Why you shouldn’t ignore the success of the smartphone

New research from PayPal has found that despite the boom in mobile sales – estimated to hit £27 billion in 2017 – just 18 per cent of the UK’s small businesses are optimised for mobile.

British small businesses could be failing to cash in on the boom in mobile shopping by not having websites that automatically adapt for the different screen sizes of smartphones and tablets, according to new research from PayPal. A UK-wide survey of more than 2,000 small businesses and 2,000 consumers reveals a growing gap between online shoppers’ mobile preferences and what small businesses are offering – which could be costing them potential sales.

PayPal research shows that mobile shopping growth is outstripping overall online spending by four to one in the UK. This trend looks set to continue, with 30 per cent of Brits expecting to use their smartphones to shop more often in the next 12 months, rising to 44 per cent for 16 to 25-year olds. Mobile devices are already central to today’s shopping experience with six in ten (59 per cent) ‘millennials’ browsing for new purchases on their smartphone every day.

Overall consumer appetite for mobile shopping is also growing quickly: the estimated annual spend on mobile nearly doubled from £13.5 billion to £27 billion from 2016 to 2017 and it is estimated to hit £43 billion by 2020. Despite this, only 18 per cent of UK small businesses have a website that is friendly for mobile devices, an increase of just one per cent on 2016. Businesses’ reluctance to adapt – 33 per cent say they don’t need a business site because they ‘do well enough as it is’ – risks alienating consumers, who list lack of mobile friendly website as their number one frustration when buying on a mobile device.

The divide between what shoppers prefer and what small businesses offer also extends to the most popular ways to pay and be paid. The research finds that while shoppers of all ages are embracing new mobile-friendly payment methods such as digital wallets (preferred by one in three online shoppers), 40 per cent of small businesses have never reviewed how they take payments – a small improvement from 2016, when 44 per cent of small businesses had never considered their payment options. Instead, businesses continue to rely on traditional methods including bank transfer (70 per cent), cash (54 per cent) and cheque (45 per cent) to take payments.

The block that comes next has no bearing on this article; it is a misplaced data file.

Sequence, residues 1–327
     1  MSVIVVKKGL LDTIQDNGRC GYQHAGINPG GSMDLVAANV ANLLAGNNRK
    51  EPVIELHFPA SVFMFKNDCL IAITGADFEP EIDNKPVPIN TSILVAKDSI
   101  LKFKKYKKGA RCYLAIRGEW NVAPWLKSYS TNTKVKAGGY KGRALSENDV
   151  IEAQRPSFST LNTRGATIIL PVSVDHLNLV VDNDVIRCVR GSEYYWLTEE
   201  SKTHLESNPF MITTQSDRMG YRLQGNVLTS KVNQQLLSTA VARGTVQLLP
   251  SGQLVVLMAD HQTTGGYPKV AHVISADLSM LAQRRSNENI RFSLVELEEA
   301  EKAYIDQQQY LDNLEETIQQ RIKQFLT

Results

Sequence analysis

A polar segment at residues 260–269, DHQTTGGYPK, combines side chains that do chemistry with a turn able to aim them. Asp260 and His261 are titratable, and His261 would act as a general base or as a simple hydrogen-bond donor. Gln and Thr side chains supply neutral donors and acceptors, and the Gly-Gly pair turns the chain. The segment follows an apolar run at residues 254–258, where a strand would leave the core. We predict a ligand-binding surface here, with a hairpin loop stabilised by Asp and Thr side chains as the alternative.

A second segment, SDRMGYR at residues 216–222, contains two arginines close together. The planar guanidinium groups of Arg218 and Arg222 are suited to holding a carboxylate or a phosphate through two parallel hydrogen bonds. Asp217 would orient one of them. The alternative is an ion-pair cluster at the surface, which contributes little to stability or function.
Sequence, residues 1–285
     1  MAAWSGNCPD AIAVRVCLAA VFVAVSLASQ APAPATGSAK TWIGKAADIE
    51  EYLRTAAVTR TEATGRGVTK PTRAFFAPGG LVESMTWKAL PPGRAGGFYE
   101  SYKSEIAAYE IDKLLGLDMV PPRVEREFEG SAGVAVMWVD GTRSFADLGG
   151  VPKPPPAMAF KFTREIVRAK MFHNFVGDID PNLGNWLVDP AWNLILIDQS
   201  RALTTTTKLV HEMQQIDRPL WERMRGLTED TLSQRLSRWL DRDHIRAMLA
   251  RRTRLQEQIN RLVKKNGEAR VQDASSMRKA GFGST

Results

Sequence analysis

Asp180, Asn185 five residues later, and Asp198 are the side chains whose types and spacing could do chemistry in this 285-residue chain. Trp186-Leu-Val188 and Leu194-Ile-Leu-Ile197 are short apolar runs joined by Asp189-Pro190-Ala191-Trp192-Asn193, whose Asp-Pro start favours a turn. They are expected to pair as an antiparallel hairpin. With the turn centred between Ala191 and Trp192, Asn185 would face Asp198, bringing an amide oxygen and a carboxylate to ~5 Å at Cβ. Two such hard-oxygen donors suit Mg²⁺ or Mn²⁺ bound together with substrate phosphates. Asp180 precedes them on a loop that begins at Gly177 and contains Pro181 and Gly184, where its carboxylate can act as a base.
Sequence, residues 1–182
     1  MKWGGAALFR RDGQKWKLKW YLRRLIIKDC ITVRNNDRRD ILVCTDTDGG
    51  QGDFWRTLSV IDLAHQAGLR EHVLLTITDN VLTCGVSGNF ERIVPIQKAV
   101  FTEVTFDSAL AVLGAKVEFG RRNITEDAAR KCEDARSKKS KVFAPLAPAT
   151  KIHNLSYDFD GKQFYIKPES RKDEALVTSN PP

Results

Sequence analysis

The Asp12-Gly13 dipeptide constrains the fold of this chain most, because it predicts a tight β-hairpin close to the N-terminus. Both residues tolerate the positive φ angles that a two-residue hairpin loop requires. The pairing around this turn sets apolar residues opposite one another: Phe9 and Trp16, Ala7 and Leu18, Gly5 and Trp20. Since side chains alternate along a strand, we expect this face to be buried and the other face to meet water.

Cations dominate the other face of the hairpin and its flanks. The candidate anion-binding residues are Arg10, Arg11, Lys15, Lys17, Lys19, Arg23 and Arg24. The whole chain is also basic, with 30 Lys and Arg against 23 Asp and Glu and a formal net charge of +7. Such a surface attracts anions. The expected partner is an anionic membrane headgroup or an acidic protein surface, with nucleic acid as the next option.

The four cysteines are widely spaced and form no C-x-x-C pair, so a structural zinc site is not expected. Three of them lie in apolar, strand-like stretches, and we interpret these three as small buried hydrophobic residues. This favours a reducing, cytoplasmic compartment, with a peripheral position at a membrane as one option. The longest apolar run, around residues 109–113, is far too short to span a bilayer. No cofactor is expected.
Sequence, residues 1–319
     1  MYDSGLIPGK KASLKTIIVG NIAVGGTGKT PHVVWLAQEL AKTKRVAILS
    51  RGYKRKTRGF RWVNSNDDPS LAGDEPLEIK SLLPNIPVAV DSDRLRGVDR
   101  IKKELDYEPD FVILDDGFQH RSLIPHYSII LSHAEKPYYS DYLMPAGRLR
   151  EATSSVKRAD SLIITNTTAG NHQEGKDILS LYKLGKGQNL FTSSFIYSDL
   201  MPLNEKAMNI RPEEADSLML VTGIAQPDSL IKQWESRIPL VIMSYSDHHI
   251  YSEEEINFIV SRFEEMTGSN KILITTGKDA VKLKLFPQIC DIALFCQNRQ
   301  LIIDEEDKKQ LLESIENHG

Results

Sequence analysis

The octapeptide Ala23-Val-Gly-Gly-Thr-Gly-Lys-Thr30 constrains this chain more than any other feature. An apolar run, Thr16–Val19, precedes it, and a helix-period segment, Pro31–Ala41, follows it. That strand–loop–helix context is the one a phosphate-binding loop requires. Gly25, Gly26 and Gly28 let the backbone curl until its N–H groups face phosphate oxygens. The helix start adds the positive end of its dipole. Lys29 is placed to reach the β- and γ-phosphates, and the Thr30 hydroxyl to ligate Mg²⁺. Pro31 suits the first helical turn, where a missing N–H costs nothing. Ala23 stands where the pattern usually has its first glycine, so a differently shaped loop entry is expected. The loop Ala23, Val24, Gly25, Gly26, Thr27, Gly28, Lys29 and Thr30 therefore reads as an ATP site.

For small businesses, adopting more popular modern payment methods could mean a big boost in sales. For more than a third of businesses, the average value of an individual sale is between £10 and £30, but PayPal’s research shows that consumers are willing to pay up to three times that on digital devices: £84 on a smartphone, £103 on a tablet and £147 on a laptop.

Nicola Longfield, director of Small Business at PayPal UK, says, ‘With mobile web browsing overtaking desktop for the first-time last year, it is more important than ever that businesses adapt. Bridging the gap between customer expectation and what businesses are offering need not be daunting. There are small changes businesses can make to give themselves a boost, and the top item should be making websites more mobile friendly for smartphone or tablet. Shoppers are increasingly frustrated by websites which require them to pinch the screen to zoom in and scroll endlessly to find miniature checkout buttons.

‘Knowing your customer is all-important. The profile of a UK mobile shopper is very similar to an online shopper, so it really is a case of fine-tuning business practices to make the most of customers’ habits. This could be sharing promotions on customers’ favourite social channels, scheduling marketing emails to coincide with peak mobile shopping times, or simply offering recognisable payment options to give shoppers that extra confidence in their purchases.’

Further reading on using your smartphone for business

Owen Gough, SmallBusiness UK

Owen Gough

Owen was a reporter for Bonhill Group plc writing across the Smallbusiness.co.uk and Growthbusiness.co.uk titles before moving on to be a Digital Technology reporter for the Express.co.uk.

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